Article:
From Middle English chyn, from Old English ċinn (“chin”), from Proto-Germanic *kinnuz (“chin”), from Proto-Indo-European *ǵénus (“chin, jaw”). Compare West Frisian/Dutch kin, Low German/German Kinn, Danish kind, Icelandic kinn, Welsh gen, Latin gena, Tocharian A śanwem, Ancient Greek γένυς (génus, “jaw”), Armenian ծնոտ (cnot), Persian چانه (čâne), Sanskrit हनु (hánu). Doublet of gena.
chin (plural chins)
- The bottom of a face, (specifically) the typically jutting jawline below the mouth.
- (slang, US) Talk.
- (slang, Britain) A lie, a falsehood.
- (slang, Britain) A person of the upper class.
- (boxing, uncountable) The ability to withstand being punched in the chin without being knocked out.
- (aviation) The lower part of the front of an aircraft, below the nose.
- 1990, Army, volume 40:
- In the cleft of the aircraft's chin is a small turret for a forward-looking infrared (FLIR) "eyeball" that will enable MH-47E pilots to see clearly in complete darkness […]
- 2001, Aviation Week & Space Technology:
- Lockheed Martin's system is mounted behind a transparent, low-observable window blended into the aircraft's chin.
- The bottom part of a mobile phone, below the screen.
- (central area of the jaw, below the mouth): mentum (anatomy)
- (boxing): See glass jaw
- butt chin
- chin curtain
- chin diaper
- chin guard
- chin music
- chinny chin chin
- chin omelette
- chin roll
- chin shield
- chin strip
- chin up
- chin wag
- chin whelk
- cleft chin
- double chin
- glass chin
- keep one's chin up
- lead with one's chin
- take on the chin
- take something on the chin
- up to one's chin
- up to the chin
- (slang, dated, intransitive) To talk.
- (slang, dated, transitive) To talk to or with (someone).
- (reflexive, intransitive) To perform a chin-up (exercise in which one lifts one's own weight while hanging from a bar).
- 1922, E. E. Cummings, chapter 4, in The Enormous Room, New York: Modern Library, published 1949, page 80:
- A description of the cour would be incomplete without an enumeration of the manifold duties of the planton in charge, which were as follows: to prevent the men from using the horizontal bar, except for chinning, since if you swung yourself upon it you could look over the wall into the women’s cour […]
- 1986, Martin Cohen, The Marine Corps 3X Fitness Program, Boston: Little, Brown, Part 3, p. 75:
- You can grunt and curse to your heart’s content but you cannot swing your body when chinning.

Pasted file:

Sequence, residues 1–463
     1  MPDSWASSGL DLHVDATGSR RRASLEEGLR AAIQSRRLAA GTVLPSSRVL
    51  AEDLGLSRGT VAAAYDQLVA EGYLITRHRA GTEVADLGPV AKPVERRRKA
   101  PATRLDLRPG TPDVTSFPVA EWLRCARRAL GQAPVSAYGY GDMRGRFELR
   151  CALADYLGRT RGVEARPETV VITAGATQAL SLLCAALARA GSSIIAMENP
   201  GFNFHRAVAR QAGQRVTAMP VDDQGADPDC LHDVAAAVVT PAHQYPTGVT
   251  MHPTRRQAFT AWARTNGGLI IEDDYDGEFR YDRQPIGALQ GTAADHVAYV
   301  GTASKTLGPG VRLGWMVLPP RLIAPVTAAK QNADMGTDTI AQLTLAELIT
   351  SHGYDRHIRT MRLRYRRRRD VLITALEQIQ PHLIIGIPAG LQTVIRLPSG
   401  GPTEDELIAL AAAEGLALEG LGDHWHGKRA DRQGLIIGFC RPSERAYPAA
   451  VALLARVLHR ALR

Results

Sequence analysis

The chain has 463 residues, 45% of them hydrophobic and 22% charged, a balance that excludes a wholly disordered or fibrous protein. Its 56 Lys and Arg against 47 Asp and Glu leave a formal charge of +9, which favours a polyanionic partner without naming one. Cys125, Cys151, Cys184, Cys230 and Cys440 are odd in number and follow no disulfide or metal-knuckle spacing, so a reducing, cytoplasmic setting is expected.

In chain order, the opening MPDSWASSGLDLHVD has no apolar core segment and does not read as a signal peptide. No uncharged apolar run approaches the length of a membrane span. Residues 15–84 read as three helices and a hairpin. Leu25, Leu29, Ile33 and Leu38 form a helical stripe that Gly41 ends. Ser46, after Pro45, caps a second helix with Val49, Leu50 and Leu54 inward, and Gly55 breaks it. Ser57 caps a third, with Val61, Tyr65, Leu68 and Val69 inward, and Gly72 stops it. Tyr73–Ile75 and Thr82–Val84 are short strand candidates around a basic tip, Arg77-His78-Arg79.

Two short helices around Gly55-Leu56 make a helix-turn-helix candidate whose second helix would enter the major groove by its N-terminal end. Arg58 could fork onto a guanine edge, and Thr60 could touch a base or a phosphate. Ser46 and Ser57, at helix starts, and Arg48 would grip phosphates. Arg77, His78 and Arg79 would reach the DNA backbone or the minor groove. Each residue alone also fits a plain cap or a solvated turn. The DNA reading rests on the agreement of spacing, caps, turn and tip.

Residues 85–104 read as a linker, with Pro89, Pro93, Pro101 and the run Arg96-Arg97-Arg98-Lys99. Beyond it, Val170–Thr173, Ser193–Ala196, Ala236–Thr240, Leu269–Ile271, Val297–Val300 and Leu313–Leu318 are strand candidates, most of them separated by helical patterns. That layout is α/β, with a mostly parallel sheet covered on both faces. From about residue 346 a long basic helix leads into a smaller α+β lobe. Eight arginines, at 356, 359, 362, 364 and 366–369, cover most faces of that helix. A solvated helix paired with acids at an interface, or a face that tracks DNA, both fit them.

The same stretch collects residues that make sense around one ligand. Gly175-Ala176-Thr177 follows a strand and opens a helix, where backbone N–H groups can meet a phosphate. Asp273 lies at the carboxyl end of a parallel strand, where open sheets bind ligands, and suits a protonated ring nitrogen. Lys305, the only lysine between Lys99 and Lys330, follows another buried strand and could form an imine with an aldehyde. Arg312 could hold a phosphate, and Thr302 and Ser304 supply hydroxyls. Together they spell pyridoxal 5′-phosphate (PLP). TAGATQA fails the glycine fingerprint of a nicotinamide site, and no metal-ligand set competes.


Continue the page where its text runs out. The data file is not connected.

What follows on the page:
- (chiefly UK, transitive) To punch or hit (someone)'s chin (part of the body).
- 1915, Ralph Henry Barbour, chapter 14, in Left Tackle Thayer, New York: Dodd, Mead, pages 183–184:
- He told me once that he used to be scared to death every time he started in a hard game for fear he’d get badly injured. Said it wasn’t until someone had jabbed him in the nose or ‘chinned’ him that he forgot to be scared.
- (transitive) To put or hold (a musical instrument) up to one's chin.
- 1849 September, Alfred Billings Street, “General Training”, in Graham’s American Monthly Magazine of Literature and Art, volume 35, number 3, page 137:
- Conspicuous in the front rank of “the music” was Joe Lippett, chinning his fife […]
- (transitive) To turn on or operate (a device) using one's chin; to select (a particular setting) using one's chin.
- (transitive) To put one's chin on (something).
- (transitive) To indicate or point toward (someone or something) with one's chin.
- (talk (slang)): gab
Shortening of chinchilla.
chin (plural chins)
chin m (plural chins)
- ^ Gouvert, Xavier. 2020. Un chaînon manquant de la reconstruction romane: Le protofrancoprovençal. In Buchi, Éva & Schweickard, Wolfgang (eds.), Dictionnaire Étymologique Roman 3: Entre idioroman et protoroman, 82. Berlin: De Gruyter.
- Alternative form of
|For pronunciation and definitions of chin – see 真 (“true; genuine; real; actual; really; truly; very; quite”).|
(This character, chin, is the Pe̍h-ōe-jī form of 真.)
chin n (plural chinuri)
From Latin cum (“with”), from Proto-Italic *kom, from Proto-Indo-European *ḱóm (“next to, at, with, along”). The shift -u- → -i- is probably due to analogy with in.
Compare Logudorese and Campidanese cun, Italian con, Portuguese com, Spanish con, Romanian cu, Sicilian cu.
- Rubattu, Antoninu (2006) Dizionario universale della lingua di Sardegna, 2nd edition, Sassari: Edes
- ^ Wagner, Max Leopold (1960–1964) Dizionario etimologico sardo, Heidelberg
chin m (plural chines)
- (Dominican Republic, Puerto Rico) small amount
- Synonym: poco
- Dame un chin de café.
- Give me a little coffee.
- Orlando Alba (2003) Cómo hablamos los dominicanos, Santo Domingo: Amigo del Hogar
- “chin”, in Diccionario de la lengua española, Vigésima tercera edición, Real Academia Española, 2014
- Lục Văn Pảo; Hoàng Tuấn Nam (2003), Hoàng Triều Ân, editor, Từ điển chữ Nôm Tày [A Dictionary of (chữ) Nôm Tày] (in Vietnamese), Hanoi: Nhà xuất bản Khoa học Xã hội
- Hoàng Văn Ma; Lục Văn Pảo; Hoàng Chí (2006) Từ điển Tày-Nùng-Việt [Tay-Nung-Vietnamese dictionary] (in Vietnamese), Hanoi: Nhà xuất bản Từ điển Bách khoa Hà Nội
- Lương Bèn (2011) Từ điển Tày-Việt [Tay-Vietnamese dictionary] (in Vietnamese), Thái Nguyên: Nhà Xuất bản Đại học Thái Nguyên